Where Are This War's Heroes, Military and Journalistic?

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When Charlie Company’s Lt. William Calley ordered and encouraged his men to rape, maim and slaughter over 400 women and children and old people in My Lai in Vietnam back in 1968, there were at least four heroes who tried to stop him or bring him and higher officers to justice. One was helicopter pilot Hugh Thompson Jr., who evacuated some of the wounded victims, and who set his chopper down between a group of Vietnamese and Calley’s men, ordering his door gunner to open fire on the US soldiers if they shot any more people. One was Ron Ridenhour, a soldier who learned of the massacre, and began a private investigation, ultimately reporting the crime to the Pentagon and Congress. One was Michael Bernhardt, a soldier in Charlie Company who witnessed the whole thing, and reported it all to Ridenhour (also confiding that if Ridenhour didn’t succeed in getting prosecutions going he had a hit list of all the officers involved and planned to execute them himself!). And one was journalist Seymour Hersh, who broke the story in the US media.

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Today’s war in Afghanistan also has its My Lai massacres. It has them almost weekly, as US warplanes bomb wedding parties, or homes “suspected” of housing terrorists that turn out to house nothing but civilians. But these My Lais are all conveniently labeled accidents. They get filed away and forgotten as the inevitable “collateral damage” of war. There was, however, a massacre recently that was not a "mistake" – a massacre which, while it only involved fewer than a dozen innocent people, bears the same stench as My Lai. It was the execution-style slaying of eight handcuffed students, aged 11–18, and a 12-year-old neighboring shepherd boy who had been visiting the others, in Kunar Province, on Dec. 26.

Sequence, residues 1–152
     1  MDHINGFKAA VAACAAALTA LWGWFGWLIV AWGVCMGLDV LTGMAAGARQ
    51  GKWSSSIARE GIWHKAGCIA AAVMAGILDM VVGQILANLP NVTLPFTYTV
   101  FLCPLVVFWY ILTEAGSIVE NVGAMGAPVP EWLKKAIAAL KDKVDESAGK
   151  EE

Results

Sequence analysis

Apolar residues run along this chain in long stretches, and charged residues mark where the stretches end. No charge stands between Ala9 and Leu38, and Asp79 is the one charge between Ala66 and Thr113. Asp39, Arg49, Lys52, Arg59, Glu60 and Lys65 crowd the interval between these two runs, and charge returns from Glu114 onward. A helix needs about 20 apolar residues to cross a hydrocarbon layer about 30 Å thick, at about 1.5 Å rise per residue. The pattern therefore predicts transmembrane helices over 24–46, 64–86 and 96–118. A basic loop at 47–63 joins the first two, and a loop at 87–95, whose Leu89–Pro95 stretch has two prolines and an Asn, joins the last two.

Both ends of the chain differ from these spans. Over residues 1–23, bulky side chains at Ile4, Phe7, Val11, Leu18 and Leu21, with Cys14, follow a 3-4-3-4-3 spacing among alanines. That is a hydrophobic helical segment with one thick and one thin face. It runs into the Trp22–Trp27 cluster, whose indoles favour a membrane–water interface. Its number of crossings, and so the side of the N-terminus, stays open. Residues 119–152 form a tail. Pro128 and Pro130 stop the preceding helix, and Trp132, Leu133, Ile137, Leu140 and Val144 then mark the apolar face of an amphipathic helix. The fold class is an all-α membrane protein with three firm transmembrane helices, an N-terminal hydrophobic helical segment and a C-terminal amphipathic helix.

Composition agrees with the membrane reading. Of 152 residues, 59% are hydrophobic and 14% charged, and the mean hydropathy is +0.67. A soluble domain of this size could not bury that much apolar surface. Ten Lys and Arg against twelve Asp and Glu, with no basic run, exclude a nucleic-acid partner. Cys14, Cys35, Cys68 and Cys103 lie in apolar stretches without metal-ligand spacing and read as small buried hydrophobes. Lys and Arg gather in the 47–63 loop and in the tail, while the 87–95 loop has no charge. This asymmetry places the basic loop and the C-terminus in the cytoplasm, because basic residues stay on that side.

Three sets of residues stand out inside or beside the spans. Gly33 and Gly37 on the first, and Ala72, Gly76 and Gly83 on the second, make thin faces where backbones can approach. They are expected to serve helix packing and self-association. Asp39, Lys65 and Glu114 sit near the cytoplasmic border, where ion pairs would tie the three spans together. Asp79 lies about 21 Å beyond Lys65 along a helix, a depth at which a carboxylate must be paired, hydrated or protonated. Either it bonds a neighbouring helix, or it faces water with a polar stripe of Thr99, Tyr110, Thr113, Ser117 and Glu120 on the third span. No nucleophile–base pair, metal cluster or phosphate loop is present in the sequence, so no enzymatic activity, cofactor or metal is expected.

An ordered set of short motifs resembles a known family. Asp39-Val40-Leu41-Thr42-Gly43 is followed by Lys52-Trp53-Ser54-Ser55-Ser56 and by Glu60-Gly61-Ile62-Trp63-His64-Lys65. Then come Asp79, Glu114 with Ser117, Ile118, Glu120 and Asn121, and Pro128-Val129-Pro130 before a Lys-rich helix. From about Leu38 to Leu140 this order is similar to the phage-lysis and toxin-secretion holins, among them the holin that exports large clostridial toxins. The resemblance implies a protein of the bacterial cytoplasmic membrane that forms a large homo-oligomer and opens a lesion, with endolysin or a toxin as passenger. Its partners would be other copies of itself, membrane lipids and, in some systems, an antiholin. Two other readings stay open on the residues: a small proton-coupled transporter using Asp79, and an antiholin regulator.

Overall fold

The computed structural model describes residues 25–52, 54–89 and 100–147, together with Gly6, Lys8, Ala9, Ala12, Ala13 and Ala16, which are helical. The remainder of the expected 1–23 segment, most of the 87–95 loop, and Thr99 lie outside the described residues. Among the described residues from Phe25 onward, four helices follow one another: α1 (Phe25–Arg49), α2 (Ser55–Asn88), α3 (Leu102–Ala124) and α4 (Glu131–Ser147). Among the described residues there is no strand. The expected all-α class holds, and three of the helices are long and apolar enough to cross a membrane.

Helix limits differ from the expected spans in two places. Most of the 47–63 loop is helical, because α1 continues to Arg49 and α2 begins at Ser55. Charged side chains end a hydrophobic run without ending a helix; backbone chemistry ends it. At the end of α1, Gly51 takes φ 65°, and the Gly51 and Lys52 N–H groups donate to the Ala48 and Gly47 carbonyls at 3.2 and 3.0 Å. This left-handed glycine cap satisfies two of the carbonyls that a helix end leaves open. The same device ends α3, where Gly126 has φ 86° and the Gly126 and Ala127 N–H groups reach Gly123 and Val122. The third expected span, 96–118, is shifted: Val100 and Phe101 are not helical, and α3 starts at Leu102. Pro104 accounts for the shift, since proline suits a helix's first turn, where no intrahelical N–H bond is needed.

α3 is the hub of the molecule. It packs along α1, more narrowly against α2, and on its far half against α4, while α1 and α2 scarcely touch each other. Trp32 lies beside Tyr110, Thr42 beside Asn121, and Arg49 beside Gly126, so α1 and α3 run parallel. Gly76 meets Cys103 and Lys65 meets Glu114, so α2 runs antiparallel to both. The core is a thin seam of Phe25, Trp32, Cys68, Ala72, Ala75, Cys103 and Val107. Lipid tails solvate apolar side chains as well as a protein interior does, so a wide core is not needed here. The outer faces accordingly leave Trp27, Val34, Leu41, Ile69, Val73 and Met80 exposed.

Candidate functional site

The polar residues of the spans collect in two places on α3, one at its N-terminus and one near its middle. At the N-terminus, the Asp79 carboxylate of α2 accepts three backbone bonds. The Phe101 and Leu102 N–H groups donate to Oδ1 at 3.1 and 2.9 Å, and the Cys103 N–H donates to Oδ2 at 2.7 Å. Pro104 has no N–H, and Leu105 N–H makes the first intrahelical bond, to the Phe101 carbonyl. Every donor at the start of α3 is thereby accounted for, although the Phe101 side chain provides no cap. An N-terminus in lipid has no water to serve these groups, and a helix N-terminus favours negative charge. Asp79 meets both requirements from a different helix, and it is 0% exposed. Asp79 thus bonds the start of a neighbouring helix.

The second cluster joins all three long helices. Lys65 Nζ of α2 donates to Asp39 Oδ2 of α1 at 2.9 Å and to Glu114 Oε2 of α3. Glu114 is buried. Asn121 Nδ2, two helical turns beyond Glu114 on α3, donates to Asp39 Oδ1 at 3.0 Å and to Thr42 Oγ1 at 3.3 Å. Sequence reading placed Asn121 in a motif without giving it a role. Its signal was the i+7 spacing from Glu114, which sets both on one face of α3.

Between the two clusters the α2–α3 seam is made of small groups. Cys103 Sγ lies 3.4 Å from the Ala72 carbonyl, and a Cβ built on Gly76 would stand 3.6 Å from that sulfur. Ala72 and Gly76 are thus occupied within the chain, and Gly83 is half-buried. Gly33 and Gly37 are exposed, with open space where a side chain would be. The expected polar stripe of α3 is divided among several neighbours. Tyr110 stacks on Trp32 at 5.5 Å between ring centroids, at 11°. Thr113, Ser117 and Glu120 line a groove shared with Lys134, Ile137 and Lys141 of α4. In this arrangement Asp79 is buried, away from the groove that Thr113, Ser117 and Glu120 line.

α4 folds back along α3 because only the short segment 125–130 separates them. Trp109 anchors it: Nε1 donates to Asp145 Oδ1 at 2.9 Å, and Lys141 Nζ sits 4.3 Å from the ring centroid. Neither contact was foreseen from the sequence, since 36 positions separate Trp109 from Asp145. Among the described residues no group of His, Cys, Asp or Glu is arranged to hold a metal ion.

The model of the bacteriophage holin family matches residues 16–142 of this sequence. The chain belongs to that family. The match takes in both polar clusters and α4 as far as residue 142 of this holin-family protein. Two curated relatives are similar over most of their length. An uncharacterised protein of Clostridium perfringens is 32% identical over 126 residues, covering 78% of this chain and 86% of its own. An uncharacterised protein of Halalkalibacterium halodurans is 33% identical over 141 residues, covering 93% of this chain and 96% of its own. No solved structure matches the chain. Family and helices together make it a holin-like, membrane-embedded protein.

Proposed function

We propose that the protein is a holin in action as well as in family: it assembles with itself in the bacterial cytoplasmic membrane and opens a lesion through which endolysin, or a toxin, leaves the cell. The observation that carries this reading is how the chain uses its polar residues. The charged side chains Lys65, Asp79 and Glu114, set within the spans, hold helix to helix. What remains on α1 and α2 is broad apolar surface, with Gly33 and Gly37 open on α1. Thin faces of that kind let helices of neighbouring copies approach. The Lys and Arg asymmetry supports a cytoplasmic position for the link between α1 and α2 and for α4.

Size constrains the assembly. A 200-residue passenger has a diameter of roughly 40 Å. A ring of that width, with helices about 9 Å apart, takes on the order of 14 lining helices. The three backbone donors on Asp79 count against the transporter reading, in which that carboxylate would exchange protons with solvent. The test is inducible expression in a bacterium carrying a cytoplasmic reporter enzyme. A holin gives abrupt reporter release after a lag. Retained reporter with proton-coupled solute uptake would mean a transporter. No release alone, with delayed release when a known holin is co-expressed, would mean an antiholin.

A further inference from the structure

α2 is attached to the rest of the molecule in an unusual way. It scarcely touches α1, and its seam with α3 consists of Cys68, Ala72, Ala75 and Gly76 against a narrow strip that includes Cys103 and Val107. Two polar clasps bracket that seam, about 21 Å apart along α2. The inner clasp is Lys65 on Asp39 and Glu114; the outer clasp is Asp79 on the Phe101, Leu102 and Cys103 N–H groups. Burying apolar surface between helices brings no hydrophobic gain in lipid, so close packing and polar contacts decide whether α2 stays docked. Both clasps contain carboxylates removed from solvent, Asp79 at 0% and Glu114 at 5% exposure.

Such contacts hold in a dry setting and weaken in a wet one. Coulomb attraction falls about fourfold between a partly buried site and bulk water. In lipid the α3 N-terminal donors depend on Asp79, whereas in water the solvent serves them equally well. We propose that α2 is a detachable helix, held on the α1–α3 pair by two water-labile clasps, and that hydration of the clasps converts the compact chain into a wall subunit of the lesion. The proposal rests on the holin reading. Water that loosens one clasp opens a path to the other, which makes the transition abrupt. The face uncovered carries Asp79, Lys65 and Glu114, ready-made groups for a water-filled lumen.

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Sadly, no principled soldier with a conscience like pilot Hugh Thompson tried to save these children. No observer had the guts of a Michael Brernhardt to report what he had seen. No Ron Ridenhour among the other serving US troops in Afghanistan has investigated this atrocity or reported it to Congress. And no American reporter has investigated this war crime the way Seymour Hersh investigated My Lai.

There is a Seymour Hersh for the Kunar massacre, but he’s a Brit. While American reporters like the anonymous journalistic drones who wrote CNN’s December 29 report on the incident took the Pentagon’s initial cover story – that the dead were part of a secret bomb-squad – at face value, Jerome Starkey, a dogged reporter in Afghanistan working for the Times of London and the Scotsman, talked to other sources – the dead boys’ headmaster, other townspeople, and Afghan government officials – and found out the real truth about a gruesome war crime – the execution of handcuffed children. And while a few news outlets in the US like the New York Times did mention that there were some claims that the dead were children, not bomb-makers, none, including CNN, which had bought and run the Pentagon’s lies unquestioningly, bothered to print the news update when, on Feb. 24, the US military admitted that in fact the dead were innocent students. Nor has any US corporate news organization mentioned that the dead had been handcuffed when they were shot.

Starkey reported the US government’s damning admission. Yet still the US media remain silent as the grave.

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March 5, 2010

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